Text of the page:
Storage cards are something just about all of us buy. Whether we need extra memory storage on our mobile devices or for our digital camera, SD cards are the way to go. But did you know that these highly compact and efficient flash storage cards are available in three different types? In fact, each type caters to the needs of the user.
Type 1: The SD Card.
You know what’s great about classics? They’re original. There is something to be said for that very first, original creation. The SD card was the very first storage card. It was created in 1999 with a maximum storage capacity of 2GB, which was huge back then. It used Microsoft’s FAT-12 or FAT-16 file format.
The original SD card quickly replaced CD-Roms, and it spelt the bitter end for dinosaurs like the ZIP disk and eons older Floppy. For those of us who remember 1999, the first SD card seemed like something out of science fiction. It was compact, portable, and stored a ton more data than any other comparable device.
Type 2: The SDHC Card.
Sometimes improvements are a good thing, and this was certainly the case when the second type of SD card, the SDHC, made its debut in 2006. By this time, the Internet was a global force. File sizes from standard to photo files has inflated dramatically as more detail was stored. As a result, flash memory storage needs rose. Insight: Troubleshooting SD camera card memory.
The SDHC is a high capacity version of the original SD. It is capable of storing up to 32GB of data. It uses Microsoft’s FAT-32 format. But as quickly as this super storage device came out, our storage needs rose yet again.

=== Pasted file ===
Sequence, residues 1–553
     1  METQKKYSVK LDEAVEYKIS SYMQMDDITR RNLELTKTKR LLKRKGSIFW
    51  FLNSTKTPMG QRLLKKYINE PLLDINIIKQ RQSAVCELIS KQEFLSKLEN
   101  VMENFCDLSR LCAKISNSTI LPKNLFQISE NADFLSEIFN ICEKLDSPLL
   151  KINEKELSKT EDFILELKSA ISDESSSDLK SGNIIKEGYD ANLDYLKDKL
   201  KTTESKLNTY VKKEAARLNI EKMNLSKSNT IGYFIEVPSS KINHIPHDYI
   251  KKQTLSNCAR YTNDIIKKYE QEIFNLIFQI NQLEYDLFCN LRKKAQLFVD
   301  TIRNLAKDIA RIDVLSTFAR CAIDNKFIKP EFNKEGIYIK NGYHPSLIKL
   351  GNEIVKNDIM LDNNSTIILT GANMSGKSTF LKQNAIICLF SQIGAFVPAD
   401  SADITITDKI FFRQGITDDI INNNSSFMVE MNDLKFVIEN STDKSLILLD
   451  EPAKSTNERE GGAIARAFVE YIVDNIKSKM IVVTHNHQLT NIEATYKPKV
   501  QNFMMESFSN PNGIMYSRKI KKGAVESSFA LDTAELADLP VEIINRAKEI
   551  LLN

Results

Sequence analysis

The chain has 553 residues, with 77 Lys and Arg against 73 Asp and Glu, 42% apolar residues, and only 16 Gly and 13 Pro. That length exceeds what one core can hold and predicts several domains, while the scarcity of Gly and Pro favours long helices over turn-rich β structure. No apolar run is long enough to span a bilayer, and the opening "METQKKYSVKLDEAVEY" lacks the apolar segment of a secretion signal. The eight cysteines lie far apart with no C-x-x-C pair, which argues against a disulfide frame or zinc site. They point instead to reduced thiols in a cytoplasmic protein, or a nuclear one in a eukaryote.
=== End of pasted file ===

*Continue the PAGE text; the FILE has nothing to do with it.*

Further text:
Type 3: The SDXC Card.
In 2009, we were on the brink of high definition. Videos were on their way from 720p to 1080p. Media files were taking up more and more disk space, as they became higher and higher quality. Three years after the high capacity SD card hit the market; it didn’t seem so “high capacity” anymore.
The new and improved SDXC hits the market. This extended capacity flash card was capable of storing up to 2TB of data, and it used Microsoft’s exFAT (or extended File Allocation Table) format.
Buying An SD Card Today.
Today, we have access to all three of these SD cards. Thanks to the invention of the exFAT format in 2009, it’s likely that we will see upwards to 512TB cards in the future. But until then, the three SD (Secure Digital) card choices at our fingertips are viable options for most anyone’s needs.
An 16GB to 32GB card is big enough for most portable memory purposes. However, some choose to opt for a 64GB to 128GB card just to have extra space. Cards of this size are great for high-resolution digital cameras, MP3 players, and cell phones. The more you store the greater chance at loss. Digital image recovery services are provided at eProvided.Com.
64GB to 128GB flash cards are available, but not all devices can support SD cards of this size. If you feel you need the extra space, be sure to check your device to make sure it is supported before making your purchase. Some cellular and mobile devices can support these cards.
SD cards with 128GB to 2TB of space are not supported by most cellular devices. If your portable storage needs are in the 1 to 2TB range, you should compare the SDXC card to an external hard drive. Depending on your needs and budget, an external USB hard drive may be the better purchase. Insight: flash drives get damaged, buy an SD that’s fast enough for your application.
As we plunge ever forward into a digital world where higher quality files are continually created, we are sure to see new and improved SD storage devices. As more devices that are diverse become available, it’s up to us to choose the ones best suited to our individual needs.